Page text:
Texas Observer/Audm Audio Stories


Audio versions of Texas Observer stories, brought to you by Audm.

As physicians leave small towns, rural Texans must travel farther and farther for health care.

When a rural hospital dies, the community around it starts to follow suit.

After 20 years in Washington, Senator John Cornyn has mastered the art of political subservience—first to the Republican establishment and now to Trump. It’s made him very powerful. But does it also make him vulnerable in 2020?

Where the Texas Gulf Coast meets Mexico, a trio of fossil fuel companies is planning an industrial complex the likes of which Texas’ Rio Grande Valley has never seen.

An unprecedented number of first-time female candidates ran for office in Texas in 2018—and lost. Now, many of those women are running again.

In 1910, East Texas saw one of America’s deadliest post-Reconstruction racial purges. One survivor’s descendants have waged an uphill battle for generations to unearth that violent past.

Rural East Texas has some of the highest suicide rates in the state. But the safety net for people who need help is being stretched thin, and some Texans are falling through.

Donald Trump plans to build his border wall in the Rio Grande floodplain. What could go wrong? Well, everything.

An Observer investigation finds that unregulated dams across Texas are increasingly failing — putting people and property in jeopardy.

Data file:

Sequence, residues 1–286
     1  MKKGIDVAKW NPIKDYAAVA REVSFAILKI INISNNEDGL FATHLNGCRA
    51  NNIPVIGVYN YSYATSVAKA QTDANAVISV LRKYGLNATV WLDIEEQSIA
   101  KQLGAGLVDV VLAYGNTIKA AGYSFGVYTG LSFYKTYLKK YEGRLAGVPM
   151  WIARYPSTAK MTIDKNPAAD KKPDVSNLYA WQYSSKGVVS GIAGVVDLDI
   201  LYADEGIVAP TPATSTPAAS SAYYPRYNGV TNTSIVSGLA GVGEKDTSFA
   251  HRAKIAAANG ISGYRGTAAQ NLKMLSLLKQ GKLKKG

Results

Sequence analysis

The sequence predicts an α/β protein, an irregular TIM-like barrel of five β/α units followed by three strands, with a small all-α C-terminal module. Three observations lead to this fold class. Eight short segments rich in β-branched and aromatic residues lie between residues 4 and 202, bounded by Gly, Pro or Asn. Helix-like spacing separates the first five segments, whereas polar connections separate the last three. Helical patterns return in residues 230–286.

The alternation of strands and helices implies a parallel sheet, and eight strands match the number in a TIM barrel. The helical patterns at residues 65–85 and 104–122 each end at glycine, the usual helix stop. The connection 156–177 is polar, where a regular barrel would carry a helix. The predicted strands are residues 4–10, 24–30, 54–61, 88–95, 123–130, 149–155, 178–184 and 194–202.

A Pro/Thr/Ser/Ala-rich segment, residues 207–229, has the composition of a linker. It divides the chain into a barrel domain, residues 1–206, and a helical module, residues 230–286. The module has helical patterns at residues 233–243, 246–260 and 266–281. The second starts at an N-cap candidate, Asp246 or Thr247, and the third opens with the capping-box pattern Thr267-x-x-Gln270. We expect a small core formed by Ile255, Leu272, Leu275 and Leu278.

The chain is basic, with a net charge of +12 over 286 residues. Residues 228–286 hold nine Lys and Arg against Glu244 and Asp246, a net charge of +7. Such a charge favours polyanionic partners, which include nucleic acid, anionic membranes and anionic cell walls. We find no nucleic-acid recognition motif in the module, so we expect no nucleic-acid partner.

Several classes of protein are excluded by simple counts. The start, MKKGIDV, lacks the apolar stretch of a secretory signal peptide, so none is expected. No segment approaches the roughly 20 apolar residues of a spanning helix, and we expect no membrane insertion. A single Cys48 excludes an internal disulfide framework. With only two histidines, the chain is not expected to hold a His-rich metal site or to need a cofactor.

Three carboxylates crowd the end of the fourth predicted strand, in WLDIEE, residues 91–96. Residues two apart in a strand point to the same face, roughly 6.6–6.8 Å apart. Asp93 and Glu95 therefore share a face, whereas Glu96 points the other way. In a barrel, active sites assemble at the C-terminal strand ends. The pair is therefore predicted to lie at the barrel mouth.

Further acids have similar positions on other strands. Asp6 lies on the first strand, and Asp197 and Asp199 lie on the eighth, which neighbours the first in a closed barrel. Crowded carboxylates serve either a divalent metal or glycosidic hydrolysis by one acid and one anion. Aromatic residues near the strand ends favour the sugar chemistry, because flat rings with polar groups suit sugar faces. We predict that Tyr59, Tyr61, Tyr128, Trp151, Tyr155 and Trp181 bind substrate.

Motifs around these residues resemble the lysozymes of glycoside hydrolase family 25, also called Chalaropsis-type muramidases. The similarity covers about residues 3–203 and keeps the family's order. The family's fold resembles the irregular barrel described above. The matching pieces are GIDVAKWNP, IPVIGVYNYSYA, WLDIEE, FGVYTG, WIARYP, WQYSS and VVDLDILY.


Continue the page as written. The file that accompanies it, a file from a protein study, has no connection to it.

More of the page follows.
Inside the Rio Grande Valley’s amputation crisis.

How Texas is failing foster kids and contributing to an alarming teen pregnancy rate.

The best Texas history museum you’ve never heard of is staring down a financial crisis. Will it survive?

Texans love their state parks. But as the population explodes, Texas Parks and Wildlife is struggling to keep up:

In 1918, a state-sanctioned vigilante force killed 15 unarmed Mexicans in Porvenir. When their descendants applied for a historical marker a century later, they learned that not everyone wants to remember one of Texas’ darkest days.

Long considered “trash fish,” alligator gar have patrolled Texas rivers for millions of years. Now this living fossil is catching the attention of anglers, naturalists and TV producers alike.

Immigration authorities are extending their reach deep into the interior, putting civil liberties in jeopardy for millions of people.

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